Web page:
Army's promotion of transgender ideology is 'misguided'

The U.S. Army has implemented new training that requires soldiers to accept the presence of people with the physical traits of the opposite sex in barracks, bathrooms and showers.

The Army is thereby threatening the religious freedom of service members and playing a role in promoting falsehoods about what it means to be male and female, said a policy director for the Southern Baptist Ethics & Religious Liberty Commission.

The mandatory training follows the repeal last year of the prohibition on transgender men and women serving openly in the armed forces. Then-Secretary of Defense Ash Carter set a deadline of July 1, 2017, for implementing the new policy. New Secretary of Defense James Mattis, however, announced June 30 a six-month delay in enlisting transgender people.

Mattis' action does not affect current service members, and the Trump administration has shown no indication it intends to reverse the policy established under President Obama, according to "The Weekly," an email digest of news and opinion published by the ERLC.

Andrew Walker, the ERLC's director of policy studies, told Baptist Press the Army leadership's acquiescence "to the demands of transgender activists is misguided."

"Most problematically, the Army is complicit in advancing a worldview that tells fundamental distortions about what it means to be a man or a woman," he said in written comments. "The Army's actions overlook the protests of dissenting soldiers uncomfortable with the idea of sharing private spaces with members of the opposite sex, which also pose risks to religious liberty.

"It is unfortunate and lamentable that a venerable institution such as the U.S. Army is now trafficking in radical proposals about human nature," Walker said. "While Southern Baptists want to show love and extend dignity to those who identify as transgender, the Army is wrong to make soldiering a place for political correctness."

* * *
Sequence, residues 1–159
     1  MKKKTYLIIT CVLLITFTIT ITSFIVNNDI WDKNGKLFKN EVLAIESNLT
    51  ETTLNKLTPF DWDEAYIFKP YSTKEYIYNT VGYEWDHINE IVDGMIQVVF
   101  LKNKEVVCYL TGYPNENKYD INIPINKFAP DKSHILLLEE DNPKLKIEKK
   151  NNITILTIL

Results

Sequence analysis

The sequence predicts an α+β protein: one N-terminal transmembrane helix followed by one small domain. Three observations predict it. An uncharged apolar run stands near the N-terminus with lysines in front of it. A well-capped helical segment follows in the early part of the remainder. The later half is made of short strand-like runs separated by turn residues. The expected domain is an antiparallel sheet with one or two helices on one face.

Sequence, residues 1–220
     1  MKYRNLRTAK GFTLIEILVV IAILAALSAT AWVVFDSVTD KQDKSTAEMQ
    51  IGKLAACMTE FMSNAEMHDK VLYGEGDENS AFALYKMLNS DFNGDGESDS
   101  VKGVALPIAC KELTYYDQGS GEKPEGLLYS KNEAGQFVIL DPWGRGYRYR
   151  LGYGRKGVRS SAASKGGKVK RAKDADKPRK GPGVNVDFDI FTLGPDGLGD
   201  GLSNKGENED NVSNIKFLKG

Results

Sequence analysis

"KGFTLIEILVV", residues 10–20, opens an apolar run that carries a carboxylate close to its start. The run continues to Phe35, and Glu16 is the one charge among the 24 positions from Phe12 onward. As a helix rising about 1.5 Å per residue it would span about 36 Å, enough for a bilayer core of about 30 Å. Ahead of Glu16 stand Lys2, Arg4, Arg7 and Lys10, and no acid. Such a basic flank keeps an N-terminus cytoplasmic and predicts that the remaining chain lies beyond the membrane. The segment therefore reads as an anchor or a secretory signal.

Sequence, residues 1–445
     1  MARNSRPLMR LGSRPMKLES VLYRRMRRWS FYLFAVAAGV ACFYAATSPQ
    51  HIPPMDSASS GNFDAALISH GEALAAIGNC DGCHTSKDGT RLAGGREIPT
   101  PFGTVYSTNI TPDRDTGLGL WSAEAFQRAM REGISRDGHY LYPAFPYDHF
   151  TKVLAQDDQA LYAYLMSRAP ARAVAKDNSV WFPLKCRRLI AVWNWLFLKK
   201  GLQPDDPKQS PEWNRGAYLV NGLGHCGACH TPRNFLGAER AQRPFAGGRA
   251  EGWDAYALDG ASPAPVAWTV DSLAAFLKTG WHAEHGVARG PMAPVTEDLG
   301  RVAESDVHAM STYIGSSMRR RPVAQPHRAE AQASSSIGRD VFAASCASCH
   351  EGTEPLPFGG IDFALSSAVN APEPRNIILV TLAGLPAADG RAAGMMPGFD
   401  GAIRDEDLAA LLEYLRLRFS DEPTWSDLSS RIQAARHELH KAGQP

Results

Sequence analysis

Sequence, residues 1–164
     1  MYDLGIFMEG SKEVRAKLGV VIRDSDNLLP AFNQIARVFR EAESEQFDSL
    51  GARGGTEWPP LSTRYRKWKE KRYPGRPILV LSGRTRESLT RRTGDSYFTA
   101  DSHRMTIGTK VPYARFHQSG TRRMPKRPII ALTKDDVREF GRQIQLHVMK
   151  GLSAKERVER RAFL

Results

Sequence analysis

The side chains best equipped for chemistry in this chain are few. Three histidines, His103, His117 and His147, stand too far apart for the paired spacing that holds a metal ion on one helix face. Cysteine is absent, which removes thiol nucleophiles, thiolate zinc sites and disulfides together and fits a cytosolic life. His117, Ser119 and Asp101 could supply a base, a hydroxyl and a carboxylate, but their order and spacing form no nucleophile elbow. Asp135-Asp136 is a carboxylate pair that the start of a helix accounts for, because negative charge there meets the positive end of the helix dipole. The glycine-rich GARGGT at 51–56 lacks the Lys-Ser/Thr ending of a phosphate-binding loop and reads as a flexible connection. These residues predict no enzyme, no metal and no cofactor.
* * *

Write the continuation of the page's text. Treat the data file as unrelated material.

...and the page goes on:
Details about the mandatory training were reported by James Hasson, a former Army captain and Afghanistan war veteran, according to the July 7 edition of "The Weekly." Hasson received a copy of the "Tier Three Transgender Training" materials the Army is using from an active-duty officer and wrote about it in The Federalist.

Changes to the policy cited in the training materials include, "The Weekly" reported:

• Soldiers may change their gender by revising their personnel file -- Defense Enrollment Eligibility Reporting System (DEERS). They must first have a "diagnosis" by a military or civilian doctor that they identify as a gender different than their biological sex, said ERLC communications specialist Joe Carter.

• Soldiers are to use the barracks, bathrooms and shower facilities associated with their "gender marker" in DEERS, and other soldiers should "understand that you may encounter individuals in barracks, bathrooms, or shower facilities with physical characteristics of the opposite sex."

• "[T]ransgender Soldiers are not required or expected to modify or adjust their behavior based on the fact that they do not 'match' other Soldiers."

• The terms "sex" and "gender" are no longer the same. "Sex and gender are different. Sex is whether a person is male or female through their biology. Gender is the socially defined roles and characteristics of being male and female associated with that sex. There are a number of people for whom these associations do not match. This feeling may arise in childhood, adolescence or adulthood and may result in gender dysphoria."

• If "gender transition is medically necessary," soldiers "will be provided medical care and treatment for the diagnosed medical condition" at taxpayers' expense.

The document says soldiers should respect "the privacy and modesty concerns of others," but "The Weekly" reported Hasson wrote, "Most Army showers look like a prison cell with several showerheads on the wall. Anyone who has dealt with the practical challenges of funneling 30 people through them in ten minutes understands that 'privacy' will be incompatible with reality. Female soldiers who feel uncomfortable sharing facilities with individuals who still have 'physical characteristics of the opposite sex' will just have to put up with it."

An estimated 15,500 transgender people are serving on active duty or in the guard or reserves, according to The Williams Institute, a pro-lesbian, gay, bisexual and transgender think tank, "The Weekly" reported.

In 2014, messengers to the SBC's annual meeting approved a resolution regarding transgender identity that "affirm[ed] God's good design that gender identity is determined by biological sex and not by one's self-perception." The resolution "regard[ed] our transgender neighbors as image-bearers of Almighty God and therefore condemn[ed] acts of abuse or bullying committed against them." It also said, "[W]e continue to oppose steadfastly all efforts by any governing official or body to validate transgender identity as morally praiseworthy."

In addition, the resolution said, "We invite all transgender persons to trust in Christ and to experience renewal in the Gospel."

Tom Strode is Washington bureau chief for Baptist Press, the Southern Baptist Convention's news service. 

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